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  EXCEPTIONAL BUTCHER BLOCK IN BLACK PAINT, WITH GREAT, ROUND, BARRELL-SHAPED FORM, MISSOURI ORIGIN, 1850-1890
Dimensions (inches): 32.25" tall x 25" diameter.
Description:
Found in Missouri, this shapely, mid-late 19th century butcher block with its beautiful, barrel-shaped form, is of a type known to sometimes surface in that region. The stout legs are attractively turned and proportioned and the construction, tightly fit and with a low center of gravity, is exceptionally stable.

Note that the top is a single section of 25” diameter log, turned on a lathe. Made of cherry or maple, with legs that appear to be poplar, the reddish oxidation is a nice complement to the black-painted surface. Because this is sort of opaque, probably from years of washing it down, the original red wash beneath shows through to give it great red undertone.

On the underside are various hand-painted notations from Elvins, Missouri. Founded in the last decade of the 19th century and part of modern-day City of Park Hills, in St. Francois County, Elvins is located about an hour south of St. Louis. The text reads: “Order of H. L. Hussmann R. & S. Co., Elvins, MO,” and “Carl Lupkey, Elvins, MO,” in addition to another word that is somewhat illegible.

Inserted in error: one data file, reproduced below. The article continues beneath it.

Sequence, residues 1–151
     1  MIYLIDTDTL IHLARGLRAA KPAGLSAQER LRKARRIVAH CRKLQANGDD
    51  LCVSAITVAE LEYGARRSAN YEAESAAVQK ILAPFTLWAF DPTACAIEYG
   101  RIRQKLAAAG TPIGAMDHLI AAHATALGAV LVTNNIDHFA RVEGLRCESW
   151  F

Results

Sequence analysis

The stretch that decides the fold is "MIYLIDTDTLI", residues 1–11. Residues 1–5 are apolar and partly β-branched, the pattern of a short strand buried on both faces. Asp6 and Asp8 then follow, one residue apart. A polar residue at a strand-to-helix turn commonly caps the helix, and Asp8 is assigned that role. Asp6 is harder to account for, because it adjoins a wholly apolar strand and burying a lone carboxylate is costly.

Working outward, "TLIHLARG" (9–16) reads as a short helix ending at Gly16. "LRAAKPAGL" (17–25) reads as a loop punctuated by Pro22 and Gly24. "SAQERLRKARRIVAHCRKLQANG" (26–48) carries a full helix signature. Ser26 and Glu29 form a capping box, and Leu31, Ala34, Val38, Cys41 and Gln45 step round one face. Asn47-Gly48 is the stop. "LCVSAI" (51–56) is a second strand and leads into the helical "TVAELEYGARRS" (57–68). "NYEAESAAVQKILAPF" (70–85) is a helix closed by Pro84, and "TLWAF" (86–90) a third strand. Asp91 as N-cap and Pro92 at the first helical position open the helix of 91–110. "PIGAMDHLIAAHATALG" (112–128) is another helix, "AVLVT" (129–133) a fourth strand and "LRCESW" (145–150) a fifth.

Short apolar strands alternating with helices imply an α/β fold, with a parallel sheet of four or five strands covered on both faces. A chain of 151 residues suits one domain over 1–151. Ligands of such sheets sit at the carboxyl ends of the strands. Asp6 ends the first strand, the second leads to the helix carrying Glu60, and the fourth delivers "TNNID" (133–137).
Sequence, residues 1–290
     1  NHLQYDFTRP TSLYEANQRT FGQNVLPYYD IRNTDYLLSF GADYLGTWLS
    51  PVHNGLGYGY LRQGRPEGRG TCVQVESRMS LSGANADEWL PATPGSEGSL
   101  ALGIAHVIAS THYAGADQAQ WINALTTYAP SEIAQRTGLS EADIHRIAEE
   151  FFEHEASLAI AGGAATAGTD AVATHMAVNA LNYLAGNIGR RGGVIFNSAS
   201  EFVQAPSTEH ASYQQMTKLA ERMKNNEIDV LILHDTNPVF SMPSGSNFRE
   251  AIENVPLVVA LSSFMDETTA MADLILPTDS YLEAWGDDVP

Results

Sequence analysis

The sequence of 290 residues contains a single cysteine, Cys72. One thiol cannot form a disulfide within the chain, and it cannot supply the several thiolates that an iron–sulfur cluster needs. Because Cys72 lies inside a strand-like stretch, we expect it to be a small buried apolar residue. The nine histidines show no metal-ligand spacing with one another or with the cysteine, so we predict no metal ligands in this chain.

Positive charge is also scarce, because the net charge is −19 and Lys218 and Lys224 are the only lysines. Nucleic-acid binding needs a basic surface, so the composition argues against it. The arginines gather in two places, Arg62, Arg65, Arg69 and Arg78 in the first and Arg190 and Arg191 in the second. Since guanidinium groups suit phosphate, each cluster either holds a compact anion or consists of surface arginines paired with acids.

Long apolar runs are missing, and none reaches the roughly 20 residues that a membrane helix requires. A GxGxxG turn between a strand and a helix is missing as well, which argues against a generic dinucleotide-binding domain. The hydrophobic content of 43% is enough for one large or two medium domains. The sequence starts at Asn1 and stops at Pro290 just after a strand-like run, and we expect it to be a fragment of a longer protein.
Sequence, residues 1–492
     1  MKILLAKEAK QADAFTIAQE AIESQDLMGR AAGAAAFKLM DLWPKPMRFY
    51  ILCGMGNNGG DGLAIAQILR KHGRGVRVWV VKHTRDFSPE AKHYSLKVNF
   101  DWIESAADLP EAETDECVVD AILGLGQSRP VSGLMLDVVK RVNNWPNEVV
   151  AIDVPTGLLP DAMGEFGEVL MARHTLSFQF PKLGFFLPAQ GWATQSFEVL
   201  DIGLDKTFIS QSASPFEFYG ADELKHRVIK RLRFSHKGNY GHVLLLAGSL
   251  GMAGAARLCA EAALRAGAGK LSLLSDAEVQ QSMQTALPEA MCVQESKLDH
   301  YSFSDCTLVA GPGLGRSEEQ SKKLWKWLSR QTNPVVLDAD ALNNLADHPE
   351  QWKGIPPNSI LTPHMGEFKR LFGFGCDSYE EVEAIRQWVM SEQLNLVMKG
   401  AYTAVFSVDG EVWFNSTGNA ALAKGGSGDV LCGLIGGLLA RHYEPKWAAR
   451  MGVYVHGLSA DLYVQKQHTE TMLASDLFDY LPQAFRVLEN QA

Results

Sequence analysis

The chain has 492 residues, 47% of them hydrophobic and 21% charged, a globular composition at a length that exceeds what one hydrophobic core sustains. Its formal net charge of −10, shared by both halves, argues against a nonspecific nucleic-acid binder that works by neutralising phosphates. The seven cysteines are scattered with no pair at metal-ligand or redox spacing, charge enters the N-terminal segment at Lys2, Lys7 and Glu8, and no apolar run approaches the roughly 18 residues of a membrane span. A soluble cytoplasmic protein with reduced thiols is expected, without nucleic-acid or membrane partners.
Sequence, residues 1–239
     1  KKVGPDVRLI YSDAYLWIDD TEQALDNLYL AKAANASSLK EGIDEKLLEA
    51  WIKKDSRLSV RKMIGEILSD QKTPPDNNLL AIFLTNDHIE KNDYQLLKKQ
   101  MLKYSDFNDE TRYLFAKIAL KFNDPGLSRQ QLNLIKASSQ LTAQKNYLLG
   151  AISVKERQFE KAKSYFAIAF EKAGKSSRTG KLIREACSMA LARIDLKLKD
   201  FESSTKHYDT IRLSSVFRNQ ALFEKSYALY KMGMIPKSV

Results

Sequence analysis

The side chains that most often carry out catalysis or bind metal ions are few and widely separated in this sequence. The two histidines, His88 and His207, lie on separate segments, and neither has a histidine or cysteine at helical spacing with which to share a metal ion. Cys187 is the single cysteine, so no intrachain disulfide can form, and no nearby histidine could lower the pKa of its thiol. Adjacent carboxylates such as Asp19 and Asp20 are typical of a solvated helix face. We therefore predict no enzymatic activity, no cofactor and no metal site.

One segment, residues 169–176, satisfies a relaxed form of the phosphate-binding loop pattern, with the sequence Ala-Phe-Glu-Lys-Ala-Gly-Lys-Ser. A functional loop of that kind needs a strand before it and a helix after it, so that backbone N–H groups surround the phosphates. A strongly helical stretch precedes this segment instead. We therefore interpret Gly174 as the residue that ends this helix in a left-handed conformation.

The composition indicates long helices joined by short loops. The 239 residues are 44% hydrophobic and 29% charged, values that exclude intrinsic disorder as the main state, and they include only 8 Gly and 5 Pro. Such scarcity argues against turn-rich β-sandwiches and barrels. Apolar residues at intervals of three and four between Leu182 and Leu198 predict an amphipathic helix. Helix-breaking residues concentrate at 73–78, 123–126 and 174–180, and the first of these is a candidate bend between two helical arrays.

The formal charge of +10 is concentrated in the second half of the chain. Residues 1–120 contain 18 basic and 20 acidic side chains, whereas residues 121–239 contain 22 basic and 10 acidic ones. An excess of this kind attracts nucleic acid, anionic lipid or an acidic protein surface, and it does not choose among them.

The Hussmann firm was founded in St. Louis in 1906 by Harry L. Hussmann as a butcher's supply company. In 1917, Hussmann, patented the first refrigerated meat display case, which, using salt and ice, revolutionized the meat market by allowing customers to view the cuts before purchasing them. Among other supplies, Hussmann made their own knives.

Born about 1896 to settlers of Elkins, Carl Lupkey, who served as an elder in the Baptist Church for 63 years, beginning in the 1920’s, purchased a local grocery business in the 1940’s.

It's unclear how this butcher block was sourced. Perhaps Hussmann bought the contents of other butcher shops and tools of all kinds. Perhaps he had access to 24-foot hardwood timber and used a method consistent with the mid-19th century, as opposed to the first quarter of the 20th. Possibly he sold all manner of butcher shop items, both new and re-purposed. Whatever the case may be, the block at some point passed to Lupkey. This is an exceptional example in terms of form, construction, and early painted surface.

Condition: Expected wear.
   
Primary Color: black, red
Earliest Date: 1850
Latest Date: 1890
For Sale Status: Available
Price $5,600
E-mail: info@jeffbridgman.com
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